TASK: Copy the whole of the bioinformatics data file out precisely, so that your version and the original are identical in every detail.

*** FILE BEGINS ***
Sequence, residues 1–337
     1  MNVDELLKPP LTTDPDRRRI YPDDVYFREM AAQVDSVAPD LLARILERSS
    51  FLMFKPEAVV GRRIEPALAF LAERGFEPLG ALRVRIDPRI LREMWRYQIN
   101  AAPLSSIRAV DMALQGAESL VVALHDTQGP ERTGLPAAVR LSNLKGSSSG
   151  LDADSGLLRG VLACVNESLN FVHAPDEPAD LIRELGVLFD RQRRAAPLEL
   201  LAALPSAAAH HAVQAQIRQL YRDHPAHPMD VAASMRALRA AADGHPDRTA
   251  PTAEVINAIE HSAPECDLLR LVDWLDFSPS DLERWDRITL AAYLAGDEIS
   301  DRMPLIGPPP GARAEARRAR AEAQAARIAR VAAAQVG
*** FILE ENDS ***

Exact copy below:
Sequence, residues 1–337
     1  MNVDELLKPP LTTDPDRRRI YPDDVYFREM AAQVDSVAPD LLARILERSS
    51  FLMFKPEAVV GRRIEPALAF LAERGFEPLG ALRVRIDPRI LREMWRYQIN
   101  AAPLSSIRAV DMALQGAESL VVALHDTQGP ERTGLPAAVR LSNLKGSSSG
   151  LDADSGLLRG VLACVNESLN FVHAPDEPAD LIRELGVLFD RQRRAAPLEL
   201  LAALPSAAAH HAVQAQIRQL YRDHPAHPMD VAASMRALRA AADGHPDRTA
   251  PTAEVINAIE HSAPECDLLR LVDWLDFSPS DLERWDRITL AAYLAGDEIS
   301  DRMPLIGPPP GARAEARRAR AEAQAARIAR VAAAQVG